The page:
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Zoom meetings are opportunities to make great impressions!

Meetings are an essential part of life. Thanks to Zoom, meetings once painfully done via conference call are now high-tech face to face on-camera encounters. It is popular to lament, “I’ve got to attend yet another meeting!” But meetings remain an essential part of life. If you’ve got to be in the “meeting game” play the game at the highest level.

If you have determined a meeting is worth your time, and you should determine it is worth your time when you “accept” a meeting invitation, then give people attending the meeting your undivided attention. If I’m in a face to face or Zoom meeting, and I forgot to put my phone on do not disturb, and the phone rings, I view it as an opportunity to demonstrate my commitment to those at the meeting. I turn the phone off immediately. I don’t look at the phone to see who is calling. I remain 100% focused on the person who requested my time and whom I assume invested their valuable time preparing for our meeting and has something valuable to communicate. In that moment I want the person in front of me believing they are the most important person in the world, regardless of their status, be it a student, or the President of Budweiser. And an interruption like a phone call, will not break that commitment I have made to give of my time and attention. Admittedly my meeting with the President of Budweiser was a while back and I did remember to turn off my phone.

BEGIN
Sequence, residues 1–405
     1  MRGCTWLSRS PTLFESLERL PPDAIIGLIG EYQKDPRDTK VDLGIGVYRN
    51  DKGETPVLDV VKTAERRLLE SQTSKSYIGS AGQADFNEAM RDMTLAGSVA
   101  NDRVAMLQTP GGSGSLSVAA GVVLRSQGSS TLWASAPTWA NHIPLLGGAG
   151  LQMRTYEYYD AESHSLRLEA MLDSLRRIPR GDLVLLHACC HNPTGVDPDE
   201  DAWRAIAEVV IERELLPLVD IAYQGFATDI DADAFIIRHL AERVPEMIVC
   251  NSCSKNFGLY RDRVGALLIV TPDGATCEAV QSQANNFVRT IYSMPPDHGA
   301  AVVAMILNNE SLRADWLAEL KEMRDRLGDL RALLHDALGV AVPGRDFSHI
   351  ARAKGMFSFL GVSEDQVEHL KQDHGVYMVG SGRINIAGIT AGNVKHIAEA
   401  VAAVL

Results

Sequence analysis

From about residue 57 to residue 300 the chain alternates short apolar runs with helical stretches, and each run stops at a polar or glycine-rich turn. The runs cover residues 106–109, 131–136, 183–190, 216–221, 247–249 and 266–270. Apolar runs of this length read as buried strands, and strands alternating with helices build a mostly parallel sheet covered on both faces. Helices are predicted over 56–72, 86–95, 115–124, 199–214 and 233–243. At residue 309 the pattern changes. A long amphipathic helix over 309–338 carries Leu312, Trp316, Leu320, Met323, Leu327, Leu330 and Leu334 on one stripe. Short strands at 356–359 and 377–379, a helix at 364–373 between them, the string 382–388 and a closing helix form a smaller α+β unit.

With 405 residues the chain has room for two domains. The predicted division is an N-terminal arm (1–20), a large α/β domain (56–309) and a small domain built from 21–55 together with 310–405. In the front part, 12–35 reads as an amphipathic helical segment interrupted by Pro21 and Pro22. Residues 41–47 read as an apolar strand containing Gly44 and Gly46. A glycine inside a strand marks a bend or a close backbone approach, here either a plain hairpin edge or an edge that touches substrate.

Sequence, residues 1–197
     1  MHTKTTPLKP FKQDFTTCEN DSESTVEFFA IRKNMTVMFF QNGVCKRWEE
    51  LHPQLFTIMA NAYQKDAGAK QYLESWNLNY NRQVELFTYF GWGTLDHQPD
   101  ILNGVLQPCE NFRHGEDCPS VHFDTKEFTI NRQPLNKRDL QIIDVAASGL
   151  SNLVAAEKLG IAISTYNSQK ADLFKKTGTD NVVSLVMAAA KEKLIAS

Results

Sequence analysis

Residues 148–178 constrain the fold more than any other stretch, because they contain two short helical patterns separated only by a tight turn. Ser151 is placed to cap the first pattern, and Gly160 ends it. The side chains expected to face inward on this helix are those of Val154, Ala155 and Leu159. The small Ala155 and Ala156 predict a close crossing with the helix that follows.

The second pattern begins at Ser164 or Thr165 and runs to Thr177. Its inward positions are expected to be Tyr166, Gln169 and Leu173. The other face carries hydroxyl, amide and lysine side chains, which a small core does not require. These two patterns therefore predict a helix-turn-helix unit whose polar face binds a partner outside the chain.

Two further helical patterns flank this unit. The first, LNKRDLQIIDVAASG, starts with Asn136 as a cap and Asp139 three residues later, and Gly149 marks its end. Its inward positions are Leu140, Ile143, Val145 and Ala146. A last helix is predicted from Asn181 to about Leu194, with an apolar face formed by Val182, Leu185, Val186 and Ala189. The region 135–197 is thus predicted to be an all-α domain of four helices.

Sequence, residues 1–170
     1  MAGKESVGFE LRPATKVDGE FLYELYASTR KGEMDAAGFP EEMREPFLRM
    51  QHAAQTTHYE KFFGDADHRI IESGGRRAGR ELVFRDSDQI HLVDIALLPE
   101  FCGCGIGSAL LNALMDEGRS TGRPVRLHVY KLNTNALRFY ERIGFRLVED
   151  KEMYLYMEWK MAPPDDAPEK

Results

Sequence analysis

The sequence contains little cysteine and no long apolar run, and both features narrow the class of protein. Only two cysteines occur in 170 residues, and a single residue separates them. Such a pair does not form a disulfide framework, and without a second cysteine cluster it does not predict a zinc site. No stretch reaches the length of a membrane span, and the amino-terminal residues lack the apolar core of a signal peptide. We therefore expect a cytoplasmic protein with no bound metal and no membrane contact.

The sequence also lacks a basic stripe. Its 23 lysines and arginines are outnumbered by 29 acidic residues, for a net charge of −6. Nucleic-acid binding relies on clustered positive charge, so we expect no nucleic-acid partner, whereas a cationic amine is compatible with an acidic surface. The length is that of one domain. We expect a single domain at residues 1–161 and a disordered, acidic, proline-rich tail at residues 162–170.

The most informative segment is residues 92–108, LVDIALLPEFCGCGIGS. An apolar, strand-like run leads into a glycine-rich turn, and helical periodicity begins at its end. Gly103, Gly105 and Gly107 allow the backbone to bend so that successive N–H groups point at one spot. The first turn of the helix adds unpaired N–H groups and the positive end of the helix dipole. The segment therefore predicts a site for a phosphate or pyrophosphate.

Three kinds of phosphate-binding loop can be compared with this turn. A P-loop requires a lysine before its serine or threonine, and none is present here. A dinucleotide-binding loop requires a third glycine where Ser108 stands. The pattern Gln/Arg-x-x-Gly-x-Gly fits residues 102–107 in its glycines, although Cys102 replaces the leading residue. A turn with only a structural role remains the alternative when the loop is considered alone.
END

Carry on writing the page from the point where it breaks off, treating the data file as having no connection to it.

Same commitment if the meeting is via Zoom. Zoom meetings are “camera on” events. Can you imagine having an interview for your dream job via Zoom and turning your camera off? We all know the answer to that question. That would never happen! What message are you sending with your camera off? Camera off says a lot about you and none of it is positive. It screams that you’ve got other stuff you’d rather be doing. It screams that your time is more valuable than others in the room that are committed and all in with their cameras on. It is disrespectful to those presenting, who spent their valuable time preparing for the meeting, and giving of their time to be at the meeting. For what purpose is the camera off? The presenter receives valuable feedback when they can view your reaction. More importantly you can’t focus equally on two different things at the same time. The camera is most often off so the meeting attendee can do other work, or eat, go to the bathroom, check text messages, go online shopping, or take a mental vacation at their desk. There are exceptions to cameras off. Emergency sustenance, a bathroom break, or childcare. But if you were interviewing for your dream job, I’m guessing you would simply plan better and remember to go to the bathroom before the meeting. And I get it. Occasionally you should be able to momentarily turn off the camera and go to the bathroom or grab another cup of coffee. Just as you would do at a face-to-face meeting. But those are exceptions and not standard operating procedure as it is for so many. The most valuable meeting attendees are engaged with cameras on.